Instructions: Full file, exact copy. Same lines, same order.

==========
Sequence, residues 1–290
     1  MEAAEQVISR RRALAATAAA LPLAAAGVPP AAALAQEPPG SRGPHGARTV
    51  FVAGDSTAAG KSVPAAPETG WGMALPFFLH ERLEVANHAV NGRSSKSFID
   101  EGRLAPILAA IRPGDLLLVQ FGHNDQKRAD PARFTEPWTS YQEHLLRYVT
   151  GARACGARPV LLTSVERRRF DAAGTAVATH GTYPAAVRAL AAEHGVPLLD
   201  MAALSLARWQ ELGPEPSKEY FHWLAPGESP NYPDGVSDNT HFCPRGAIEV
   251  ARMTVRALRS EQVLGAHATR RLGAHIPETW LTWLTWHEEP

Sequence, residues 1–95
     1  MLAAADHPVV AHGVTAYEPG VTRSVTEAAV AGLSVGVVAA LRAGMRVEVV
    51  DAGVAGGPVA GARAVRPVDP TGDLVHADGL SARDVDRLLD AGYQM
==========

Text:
Sequence, residues 1–290
     1  MEAAEQVISR RRALAATAAA LPLAAAGVPP AAALAQEPPG SRGPHGARTV
    51  FVAGDSTAAG KSVPAAPETG WGMALPFFLH ERLEVANHAV NGRSSKSFID
   101  EGRLAPILAA IRPGDLLLVQ FGHNDQKRAD PARFTEPWTS YQEHLLRYVT
   151  GARACGARPV LLTSVERRRF DAAGTAVATH GTYPAAVRAL AAEHGVPLLD
   201  MAALSLARWQ ELGPEPSKEY FHWLAPGESP NYPDGVSDNT HFCPRGAIEV
   251  ARMTVRALRS EQVLGAHATR RLGAHIPETW LTWLTWHEEP

Sequence, residues 1–95
     1  MLAAADHPVV AHGVTAYEPG VTRSVTEAAV AGLSVGVVAA LRAGMRVEVV
    51  DAGVAGGPVA GARAVRPVDP TGDLVHADGL SARDVDRLLD AGYQM